“We're now at $26 plus trillion dollars in debt, which equates to about $214,000 per taxpayer,” Adkins said. “I don't know about you, but for me, like that bothers me in terms of the future for my own kids.”
Adkins doesn’t support another $600 federal increase to unemployment benefits after it ended in July, and calls President Donald Trump’s executive order providing a $300 weekly boost an “acceptable middle ground for the near term.”
“The focus needs to be on incentivizing work and getting people back to work, less on unemployment,” Adkins said.
Davids, meanwhile, ties economic revival to how the country has and will handle the virus.
“We can't have a healthy economy without healthy people,” Davids said. “And so one of the top things that we need to be doing from the congressional perspective is making sure that we're continuing to push for a national testing strategy.”
Davids wants to see aid to state and local governments, additional unemployment benefits and housing assistance included in any additional relief package. She voted against a $3 trillion House proposal in May that included those measures, citing that the bill didn’t have bipartisan support.
She also took issue with the bill’s inclusion of a number of Democratic priorities —like a measure that allowed banks to serve cannabis businesses — that didn’t relate to the virus.
“Those types of provisions are things that we should be pushing for, but not necessarily in a coronavirus relief package,” Davids said.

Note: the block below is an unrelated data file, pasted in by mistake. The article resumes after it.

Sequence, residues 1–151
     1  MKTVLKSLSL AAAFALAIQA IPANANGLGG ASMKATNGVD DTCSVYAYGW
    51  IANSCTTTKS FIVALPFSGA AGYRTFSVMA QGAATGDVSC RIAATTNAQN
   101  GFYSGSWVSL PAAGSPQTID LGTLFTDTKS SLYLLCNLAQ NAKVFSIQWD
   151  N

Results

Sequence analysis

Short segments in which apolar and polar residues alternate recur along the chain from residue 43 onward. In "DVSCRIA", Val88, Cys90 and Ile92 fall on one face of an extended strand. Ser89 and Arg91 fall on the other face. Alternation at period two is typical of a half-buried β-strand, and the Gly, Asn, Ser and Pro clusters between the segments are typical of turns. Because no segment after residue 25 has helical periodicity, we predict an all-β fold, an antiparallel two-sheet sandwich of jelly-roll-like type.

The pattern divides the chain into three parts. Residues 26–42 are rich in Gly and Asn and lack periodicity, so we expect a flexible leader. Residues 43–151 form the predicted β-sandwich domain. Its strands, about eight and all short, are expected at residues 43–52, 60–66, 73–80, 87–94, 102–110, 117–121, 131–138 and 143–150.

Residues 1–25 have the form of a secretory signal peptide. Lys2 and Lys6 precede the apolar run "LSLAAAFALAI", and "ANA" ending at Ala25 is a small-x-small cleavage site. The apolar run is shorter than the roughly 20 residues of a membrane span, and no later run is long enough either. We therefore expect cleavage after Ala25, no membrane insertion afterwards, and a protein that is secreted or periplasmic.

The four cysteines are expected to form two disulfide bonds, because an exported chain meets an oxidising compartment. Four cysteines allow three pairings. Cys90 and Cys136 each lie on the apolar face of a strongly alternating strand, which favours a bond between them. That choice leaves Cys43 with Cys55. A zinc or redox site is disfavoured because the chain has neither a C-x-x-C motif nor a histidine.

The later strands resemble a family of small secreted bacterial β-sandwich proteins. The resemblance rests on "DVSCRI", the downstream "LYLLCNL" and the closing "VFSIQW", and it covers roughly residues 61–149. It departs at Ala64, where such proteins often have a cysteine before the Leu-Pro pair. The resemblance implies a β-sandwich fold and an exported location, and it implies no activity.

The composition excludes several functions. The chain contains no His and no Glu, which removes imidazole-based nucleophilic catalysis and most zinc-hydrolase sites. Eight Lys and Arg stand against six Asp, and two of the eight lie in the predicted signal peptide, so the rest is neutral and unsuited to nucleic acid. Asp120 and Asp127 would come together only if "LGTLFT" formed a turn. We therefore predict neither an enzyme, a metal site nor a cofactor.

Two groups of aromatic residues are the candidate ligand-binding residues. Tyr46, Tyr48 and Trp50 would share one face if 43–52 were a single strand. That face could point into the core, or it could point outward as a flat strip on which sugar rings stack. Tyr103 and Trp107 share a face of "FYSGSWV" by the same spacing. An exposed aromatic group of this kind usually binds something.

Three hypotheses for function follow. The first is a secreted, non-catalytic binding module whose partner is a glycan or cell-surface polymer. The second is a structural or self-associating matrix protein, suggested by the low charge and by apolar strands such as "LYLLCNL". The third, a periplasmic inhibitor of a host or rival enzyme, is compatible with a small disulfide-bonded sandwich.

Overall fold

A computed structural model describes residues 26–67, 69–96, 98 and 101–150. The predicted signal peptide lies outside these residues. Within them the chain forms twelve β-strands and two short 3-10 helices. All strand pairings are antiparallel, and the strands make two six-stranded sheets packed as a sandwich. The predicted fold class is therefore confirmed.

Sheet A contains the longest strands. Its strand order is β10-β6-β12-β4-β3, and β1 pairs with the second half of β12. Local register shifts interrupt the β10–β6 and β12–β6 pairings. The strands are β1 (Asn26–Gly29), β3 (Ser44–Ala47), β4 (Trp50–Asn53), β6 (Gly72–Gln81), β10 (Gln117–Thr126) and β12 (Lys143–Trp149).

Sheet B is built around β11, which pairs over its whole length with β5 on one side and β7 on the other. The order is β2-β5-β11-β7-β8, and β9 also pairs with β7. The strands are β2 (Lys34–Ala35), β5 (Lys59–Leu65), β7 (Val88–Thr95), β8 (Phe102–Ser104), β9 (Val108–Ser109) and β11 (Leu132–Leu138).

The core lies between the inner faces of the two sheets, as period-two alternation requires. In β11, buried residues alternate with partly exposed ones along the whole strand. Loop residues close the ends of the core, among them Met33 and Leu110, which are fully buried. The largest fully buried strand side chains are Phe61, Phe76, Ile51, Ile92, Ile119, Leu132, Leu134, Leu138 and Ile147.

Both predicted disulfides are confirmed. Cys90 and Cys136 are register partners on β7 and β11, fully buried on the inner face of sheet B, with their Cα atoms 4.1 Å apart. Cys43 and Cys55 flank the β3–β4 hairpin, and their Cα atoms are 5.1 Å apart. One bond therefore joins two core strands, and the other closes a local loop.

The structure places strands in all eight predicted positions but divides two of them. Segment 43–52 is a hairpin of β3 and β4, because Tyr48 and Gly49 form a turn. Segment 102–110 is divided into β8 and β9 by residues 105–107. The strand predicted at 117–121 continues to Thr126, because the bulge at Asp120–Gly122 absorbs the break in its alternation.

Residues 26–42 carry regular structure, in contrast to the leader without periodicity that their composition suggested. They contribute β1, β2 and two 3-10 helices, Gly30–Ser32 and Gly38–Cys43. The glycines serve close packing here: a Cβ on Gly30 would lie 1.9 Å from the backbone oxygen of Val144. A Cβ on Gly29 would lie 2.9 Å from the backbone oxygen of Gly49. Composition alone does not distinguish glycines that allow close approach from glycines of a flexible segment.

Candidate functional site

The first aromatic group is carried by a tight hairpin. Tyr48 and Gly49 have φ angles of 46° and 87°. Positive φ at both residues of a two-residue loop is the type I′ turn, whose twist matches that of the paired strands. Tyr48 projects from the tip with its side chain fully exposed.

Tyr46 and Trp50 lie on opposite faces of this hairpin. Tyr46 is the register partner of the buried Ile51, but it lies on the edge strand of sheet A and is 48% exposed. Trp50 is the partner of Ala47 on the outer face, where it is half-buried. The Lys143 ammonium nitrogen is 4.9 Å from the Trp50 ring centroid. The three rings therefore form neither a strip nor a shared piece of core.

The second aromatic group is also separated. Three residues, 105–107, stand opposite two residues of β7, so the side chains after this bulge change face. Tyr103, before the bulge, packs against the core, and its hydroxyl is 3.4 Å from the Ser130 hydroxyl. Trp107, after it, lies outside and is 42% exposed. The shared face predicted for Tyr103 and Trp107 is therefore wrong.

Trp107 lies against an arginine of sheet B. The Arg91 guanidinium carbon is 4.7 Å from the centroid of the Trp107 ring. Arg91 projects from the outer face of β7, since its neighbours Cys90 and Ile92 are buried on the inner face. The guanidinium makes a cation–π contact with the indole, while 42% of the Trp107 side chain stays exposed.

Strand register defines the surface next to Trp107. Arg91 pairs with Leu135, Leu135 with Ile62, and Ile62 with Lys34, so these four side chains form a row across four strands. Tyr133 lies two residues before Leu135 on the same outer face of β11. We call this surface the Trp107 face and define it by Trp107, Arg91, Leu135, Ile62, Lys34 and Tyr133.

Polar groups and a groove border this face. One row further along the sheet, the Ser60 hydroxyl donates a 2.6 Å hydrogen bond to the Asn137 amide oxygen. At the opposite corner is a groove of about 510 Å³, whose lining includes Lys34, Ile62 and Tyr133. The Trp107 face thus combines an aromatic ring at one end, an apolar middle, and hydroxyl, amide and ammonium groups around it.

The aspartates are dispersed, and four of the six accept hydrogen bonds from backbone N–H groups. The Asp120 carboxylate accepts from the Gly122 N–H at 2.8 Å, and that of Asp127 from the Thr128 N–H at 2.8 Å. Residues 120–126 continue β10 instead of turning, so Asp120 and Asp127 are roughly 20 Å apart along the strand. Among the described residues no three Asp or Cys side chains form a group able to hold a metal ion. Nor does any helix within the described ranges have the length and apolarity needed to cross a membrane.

The Centers for Disease Control and Prevention director says wearing a mask is the “best defense” to getting the pandemic under control, and there’s been no flashpoint over masks in this race: Both Adkins and Davids wear them.
Adkins has about 30 volunteers out knocking on doors every week, her campaign said. After someone at Adkins’ in-person primary-results watch party tested positive for the coronavirus, Adkins’ family quarantined.
“I, myself, because I am around people, choose to test every couple of weeks just to make sure that I'm continuously healthy because that's part of my commitment to others as a candidate,” Adkins said.
Davids’ primary night event was virtual and her campaign doesn’t have people out canvassing. Instead, they’re relying on phone calls and texts to connect with voters. Because Davids has a fundraising advantage and is running a district that didn’t go for Trump in 2016, University of Kansas political science professor Patrick Miller said she can afford not to go door-to-door.
“If this were truly a top-tier congressional race I would say ... she might be making a fatal error by not going out and trying to meet those voters,” Miller said.
Wyandotte County Democratic Central Committee Chairman Jacques Barber said the pandemic is certainly reshaping how people vote. Kansas voters have until Oct. 27 to request an advance ballot by mail.
“We're encouraging people to vote by mail and to get those ballots in as early as possible,” Barber said.
The Kansas News Service is a collaboration of KCUR, Kansas Public Radio, KMUW and High Plains Public Radio. It's focused on the health and well-being of Kansans, their communities and civic life.